Thursday, 15 March 2018

[Book review] Ernest Hemingway, The Snows of Kilimanjaro (Panther: London, 1977)

Ernest Hemingway, The Snows of Kilimanjaro (Panther: London, 1977)

I think I finished reading The Snows of Kilimanjaro last night.  It's hard to be sure.  The version I have is a very battered mass-market paperback which I bought in Shepparton for a dollar a year ago.

Image result for The snows of Kilimanjaro panther books
Image from here

However, when I look at the Wikipedia entry for the book, I see that it's meant to include the following stories -
  • "The Snows of Kilimanjaro"
  • "A Clean, Well-Lighted Place"
  • "A Day's Wait"
  • "The Gambler, the Nun, and the Radio"
  • "Fathers and Sons"
  • "In Another Country"
  • "The Killers"
  • "A Way You'll Never Be"
  • "Fifty Grand"
  • "The Short Happy Life of Francis Macomber"

None of these save the first appear in the book I have.  The collection itself is fairly oddly constructed.  Each story begins with a small italicised paragraph describing a scene unrelated to the story itself.  "Indian camp", describing a young man called Nick helping his doctor father is prefaced by a description of an army marching towards Mons in World War One. "The Battler", describing the same Nick's encounter with a violent hobo, is prefaced by a description of an execution.  I have no idea whether this combination of story and preface is Hemingway's or the editor's.  The same Nick appears in a little over half of the stories.  From time to time one has the impression that all of the stories will somehow be tied together (nope), or that many of them are jottings from a writer's notebook.

So much for the structural issues.  Beyond these, the stories are vintage Hemingway: each is written in that prose which I can only describe as "glassy": hard, close and unsparing.  The cruelty in "On the Quai at Smyrna" is described with the plainness of a person for whom pain and cruelty have are facts and not shocks.  The weariness and disappointment in "Out of Season" doesn't succumb to self pity.

As I read these short stories-cum-excerpts I found myself more and more impressed by how unsparing they were.  I think this quality is more needed in literature now than ever.  There is an argument that fiction has changed in our time.  Something like 80% of fiction readers are women.  The irreproachably progressive National Public Radio observes that -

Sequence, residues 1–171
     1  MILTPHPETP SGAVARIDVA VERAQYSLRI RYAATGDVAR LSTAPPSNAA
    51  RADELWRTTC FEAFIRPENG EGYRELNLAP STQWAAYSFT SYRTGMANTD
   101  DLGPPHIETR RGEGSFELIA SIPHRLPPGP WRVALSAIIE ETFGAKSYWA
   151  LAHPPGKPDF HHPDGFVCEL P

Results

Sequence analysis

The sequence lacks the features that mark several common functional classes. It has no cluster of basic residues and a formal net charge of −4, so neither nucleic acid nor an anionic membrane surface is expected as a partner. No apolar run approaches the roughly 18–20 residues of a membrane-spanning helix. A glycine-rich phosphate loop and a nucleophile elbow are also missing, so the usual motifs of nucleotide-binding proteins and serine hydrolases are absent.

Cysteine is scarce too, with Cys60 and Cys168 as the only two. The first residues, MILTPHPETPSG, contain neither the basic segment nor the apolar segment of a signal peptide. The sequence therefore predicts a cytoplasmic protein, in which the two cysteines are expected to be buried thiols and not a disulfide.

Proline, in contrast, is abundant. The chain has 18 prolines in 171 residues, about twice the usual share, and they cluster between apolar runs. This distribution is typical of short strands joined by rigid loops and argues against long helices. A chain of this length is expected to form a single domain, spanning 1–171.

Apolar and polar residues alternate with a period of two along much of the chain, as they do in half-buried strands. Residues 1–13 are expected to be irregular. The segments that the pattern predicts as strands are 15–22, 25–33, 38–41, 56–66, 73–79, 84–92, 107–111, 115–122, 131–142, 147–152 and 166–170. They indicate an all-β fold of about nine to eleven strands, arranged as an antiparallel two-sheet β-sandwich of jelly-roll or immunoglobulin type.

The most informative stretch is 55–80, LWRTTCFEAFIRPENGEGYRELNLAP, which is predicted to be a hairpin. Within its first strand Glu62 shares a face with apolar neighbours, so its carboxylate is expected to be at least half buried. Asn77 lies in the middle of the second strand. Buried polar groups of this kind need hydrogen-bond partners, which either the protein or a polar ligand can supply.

Theories attempting to explain the "fiction gap" abound. Cognitive psychologists have found that women are more empathetic than men, and possess a greater emotional range—traits that make fiction more appealing to them.

Some experts see the genesis of the "fiction gap" in early childhood. At a young age, girls can sit still for much longer periods of time than boys, says Louann Brizendine, author of The Female Brain.

"Girls have an easier time with reading or written work, and it's not a stretch to extrapolate [that] to adult life," Brizendine says. Indeed, adult women talk more in social settings and use more words than men, she says.

Another theory focuses on "mirror neurons." Located behind the eyebrows, these neurons are activated both when we initiate actions and when we watch those same actions in others. Mirror neurons explain why we recoil when seeing others in pain, or salivate when we see other people eating a gourmet meal. Neuroscientists believe that mirror neurons hold the biological key to empathy.

The research is still in its early stages, but some studies have found that women have more sensitive mirror neurons than men. That might explain why women are drawn to works of fiction, which by definition require the reader to empathize with characters.

"Reading requires incredible patience, and the ability to 'feel into' the characters. That is something women are both more interested in and also better at than men," says Brizendine. 
This may explain why Jamie Fewery's question "how many books that are published these days speak to the modern male experience of life? How many address the issues around what it is to be a man today, and a young man in particular, with all the attendant crises that come with manhood?" is followed by a description of feelings heavy fluff

None of this would be worth talking about, if the ramifications were confined to the business models of writers and publishers.  But in a world which becomes more brutal in very real ways, I wonder whether saturating the culture with the tenderness of feelings is desirable.  That is, is the dispensation from rules that allows a film to celebrate I'm-ok-you're-ok-and-it-feels-good bestiality the same sort of dispensation that allows a common soldier to consider himself relieved from complying with the rules of war?  I suspect it may be.  Culture is influential (or infectious) that way.

So despite its flaws, is Snows of Kilimanjaro a book I recommend?  Yes.  Perhaps more than ever the world needs people to look at the world and see its surface with the same obstinate realism on display here.

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